You can use the included whisk attachment over the blade for gentler tasks.
You’ll also get the Varoma basket which works when you remove the measuring cup and place it on top of the lid; this 3-piece, two layer steamer basket is used for steaming fish, or even baking cakes, and it can handle multiple different foods inside.
Thermomix TM5 vs Thermomix TM6: what’s the difference?
Now is a good time to talk about what’s new on the Thermomix TM6.
The new Thermomix TM6 uses the same basic design as the TM5 (and you can read my full review of Thermomix TM5 here), with the same blade, same bowl design and same motor, but it’s important to mention the bowl is not swappable between models (due to different electronic connectors in the base.
While the TM5 had 12 kitchen functions, the TM6 is now able to do 20.
Now with Wi-Fi
The older Thermomix TM5 needed small recipe chips or magnetic discs installed in order to use the guided recipes. The new TM6 has Wi-Fi built in, so instead of needing to load specific recipe “books”, you get automatic access to the entire Thermomix recipe library. And while access is automatic, you do need to pay a yearly fee for the “Cookidoo” recipe library; it’s $69 CAD or $55 USD a year. There’s also a Cookidoo app and website where there are thousands of recipes available. You can even create or tweak recipes to your own tastes and safe them for future reuse.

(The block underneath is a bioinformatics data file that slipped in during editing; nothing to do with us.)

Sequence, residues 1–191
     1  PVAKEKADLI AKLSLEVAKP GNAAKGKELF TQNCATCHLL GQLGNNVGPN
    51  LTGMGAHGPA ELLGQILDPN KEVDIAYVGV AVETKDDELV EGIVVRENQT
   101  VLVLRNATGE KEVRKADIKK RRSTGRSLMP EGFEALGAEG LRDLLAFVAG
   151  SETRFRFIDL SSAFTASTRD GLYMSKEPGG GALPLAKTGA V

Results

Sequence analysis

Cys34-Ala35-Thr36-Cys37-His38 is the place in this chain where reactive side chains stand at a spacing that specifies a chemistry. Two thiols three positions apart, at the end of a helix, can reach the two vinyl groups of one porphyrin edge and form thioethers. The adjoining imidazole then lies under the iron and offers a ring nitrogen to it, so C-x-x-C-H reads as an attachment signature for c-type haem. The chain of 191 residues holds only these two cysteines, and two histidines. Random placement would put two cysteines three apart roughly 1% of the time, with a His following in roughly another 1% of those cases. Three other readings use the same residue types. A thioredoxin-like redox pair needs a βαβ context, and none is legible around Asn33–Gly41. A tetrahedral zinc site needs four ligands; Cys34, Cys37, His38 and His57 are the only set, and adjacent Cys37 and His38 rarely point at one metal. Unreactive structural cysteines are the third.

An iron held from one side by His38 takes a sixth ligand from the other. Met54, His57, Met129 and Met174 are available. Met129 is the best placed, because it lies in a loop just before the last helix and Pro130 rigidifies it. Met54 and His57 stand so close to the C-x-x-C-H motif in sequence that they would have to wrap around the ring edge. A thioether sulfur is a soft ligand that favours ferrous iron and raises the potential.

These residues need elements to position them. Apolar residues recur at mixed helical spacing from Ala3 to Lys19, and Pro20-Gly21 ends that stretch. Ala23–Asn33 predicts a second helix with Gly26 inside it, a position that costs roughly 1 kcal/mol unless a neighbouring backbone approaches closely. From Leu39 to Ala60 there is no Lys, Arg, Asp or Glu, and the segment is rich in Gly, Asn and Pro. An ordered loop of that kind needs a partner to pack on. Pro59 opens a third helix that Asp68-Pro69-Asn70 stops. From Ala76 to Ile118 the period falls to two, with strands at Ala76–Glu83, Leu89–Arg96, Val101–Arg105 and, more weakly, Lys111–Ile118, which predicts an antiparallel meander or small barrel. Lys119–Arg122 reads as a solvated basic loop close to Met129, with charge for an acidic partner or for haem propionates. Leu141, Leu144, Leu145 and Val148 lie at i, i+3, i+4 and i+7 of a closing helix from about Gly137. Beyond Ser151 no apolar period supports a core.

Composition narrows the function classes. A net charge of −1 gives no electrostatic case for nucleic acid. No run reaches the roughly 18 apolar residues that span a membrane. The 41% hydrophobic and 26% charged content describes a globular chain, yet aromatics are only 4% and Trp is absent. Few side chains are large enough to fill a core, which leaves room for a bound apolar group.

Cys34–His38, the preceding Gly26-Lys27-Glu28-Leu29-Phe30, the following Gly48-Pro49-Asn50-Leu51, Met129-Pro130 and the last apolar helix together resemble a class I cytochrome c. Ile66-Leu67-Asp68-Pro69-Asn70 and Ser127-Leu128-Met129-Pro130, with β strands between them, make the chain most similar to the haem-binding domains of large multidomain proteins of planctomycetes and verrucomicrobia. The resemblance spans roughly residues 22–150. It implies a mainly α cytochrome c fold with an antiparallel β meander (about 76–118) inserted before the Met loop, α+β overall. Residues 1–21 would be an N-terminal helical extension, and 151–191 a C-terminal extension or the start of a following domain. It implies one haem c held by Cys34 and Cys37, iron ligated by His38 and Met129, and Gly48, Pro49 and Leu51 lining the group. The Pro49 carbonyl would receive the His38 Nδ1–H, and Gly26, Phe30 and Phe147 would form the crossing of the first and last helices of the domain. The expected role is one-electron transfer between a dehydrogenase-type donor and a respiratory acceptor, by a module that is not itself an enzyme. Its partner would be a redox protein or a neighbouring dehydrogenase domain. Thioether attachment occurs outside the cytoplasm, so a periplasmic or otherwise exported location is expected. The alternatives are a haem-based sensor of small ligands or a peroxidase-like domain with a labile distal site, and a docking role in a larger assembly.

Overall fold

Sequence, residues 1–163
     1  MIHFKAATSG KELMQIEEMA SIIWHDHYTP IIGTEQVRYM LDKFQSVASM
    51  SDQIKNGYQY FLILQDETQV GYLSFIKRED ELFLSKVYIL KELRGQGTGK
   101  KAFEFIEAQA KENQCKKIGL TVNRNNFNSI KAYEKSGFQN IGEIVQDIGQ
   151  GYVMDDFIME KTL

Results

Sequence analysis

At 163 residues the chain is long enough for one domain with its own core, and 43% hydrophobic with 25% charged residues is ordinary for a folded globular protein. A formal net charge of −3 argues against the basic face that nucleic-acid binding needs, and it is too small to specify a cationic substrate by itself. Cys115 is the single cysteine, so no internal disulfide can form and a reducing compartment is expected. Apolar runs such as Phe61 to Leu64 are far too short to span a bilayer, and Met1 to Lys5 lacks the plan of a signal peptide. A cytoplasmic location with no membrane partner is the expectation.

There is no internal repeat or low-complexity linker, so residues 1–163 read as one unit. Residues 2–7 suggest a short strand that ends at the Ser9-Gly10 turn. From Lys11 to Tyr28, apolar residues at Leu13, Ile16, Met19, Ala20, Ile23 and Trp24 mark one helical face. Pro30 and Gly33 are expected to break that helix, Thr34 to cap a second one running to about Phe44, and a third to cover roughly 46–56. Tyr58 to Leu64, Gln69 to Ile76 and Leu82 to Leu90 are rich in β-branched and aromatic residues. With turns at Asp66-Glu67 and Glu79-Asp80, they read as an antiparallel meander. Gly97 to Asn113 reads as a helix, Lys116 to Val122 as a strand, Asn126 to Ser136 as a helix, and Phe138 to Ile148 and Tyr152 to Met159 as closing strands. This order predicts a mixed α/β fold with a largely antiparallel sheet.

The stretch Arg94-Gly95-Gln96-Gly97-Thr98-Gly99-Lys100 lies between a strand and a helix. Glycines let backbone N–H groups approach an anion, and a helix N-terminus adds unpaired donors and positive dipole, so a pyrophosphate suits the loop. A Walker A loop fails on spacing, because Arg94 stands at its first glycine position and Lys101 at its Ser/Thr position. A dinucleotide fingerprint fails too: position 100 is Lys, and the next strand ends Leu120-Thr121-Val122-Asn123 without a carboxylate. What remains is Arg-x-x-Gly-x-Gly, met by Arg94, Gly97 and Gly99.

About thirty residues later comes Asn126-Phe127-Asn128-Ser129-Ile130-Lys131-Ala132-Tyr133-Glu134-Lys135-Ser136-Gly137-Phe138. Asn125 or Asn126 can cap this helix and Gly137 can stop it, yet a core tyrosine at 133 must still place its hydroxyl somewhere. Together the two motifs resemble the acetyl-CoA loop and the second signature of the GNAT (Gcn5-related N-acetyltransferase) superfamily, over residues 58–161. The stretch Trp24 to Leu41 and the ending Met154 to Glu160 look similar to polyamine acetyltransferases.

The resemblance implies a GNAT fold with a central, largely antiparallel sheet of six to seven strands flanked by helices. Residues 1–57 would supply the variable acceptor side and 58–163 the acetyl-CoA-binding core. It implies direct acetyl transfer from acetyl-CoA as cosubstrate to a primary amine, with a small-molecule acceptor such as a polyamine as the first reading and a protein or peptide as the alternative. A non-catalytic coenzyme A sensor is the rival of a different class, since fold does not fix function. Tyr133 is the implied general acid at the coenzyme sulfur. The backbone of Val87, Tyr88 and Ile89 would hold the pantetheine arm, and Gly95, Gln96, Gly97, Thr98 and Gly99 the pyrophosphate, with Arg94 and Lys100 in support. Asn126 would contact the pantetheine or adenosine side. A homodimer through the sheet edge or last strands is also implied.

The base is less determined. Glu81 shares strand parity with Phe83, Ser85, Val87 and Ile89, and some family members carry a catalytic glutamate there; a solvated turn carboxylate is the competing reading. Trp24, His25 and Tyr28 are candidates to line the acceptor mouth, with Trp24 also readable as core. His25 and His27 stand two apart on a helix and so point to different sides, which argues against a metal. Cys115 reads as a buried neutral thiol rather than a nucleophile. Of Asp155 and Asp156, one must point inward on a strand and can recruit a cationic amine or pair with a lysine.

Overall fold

New Blade Cover/Peeler
There are a few more features on the TM6 that are also new, and one that I fell in love with right away is the blade cover-slash-peeler. I’ll show you this little slice of amazement in a minute…
Higher heat, longer heat times
The TM6 also has a higher heat mode than the TM5; it’s gone from a max of 120 degrees to 160. It also allows for longer heat times so you can sous vide (cook using a warm water bath) or ferment too.
Larger colour display
The TM6 has a much larger display screen, and adds colour for the first time.
Improved measuring cup, lid, simmering basket, spatula
The measuring cup, which acts as a lid stopper is now rubberized and fits tightly instead of knocking around as the pervious version did, and the steamer basket now also has a lid. It also comes with measurements on it, a strange omission in the previous version.
Finally the spatula has a bit more of a flexible rubberized tip, and the lid on the Varoma steamer basket is now opaque instead of clear. (I actually kept my old one).
How does Thermomix work?
Despite the somewhat intimidating amount of functions, the Thermomix is easy to use.You simply choose a recipe, and the bot walks you through what to do; it handles the order of tasks, timing, all the measuring, stirring, speed and fine tuning. You just add ingredients and follow its instructions.
Cooking with Thermomix
Perhaps the best way to show you what Thermomix can really do is to cook with it. I made more than a dozen recipes with my TM6.
Let’s start with the first one: risotto.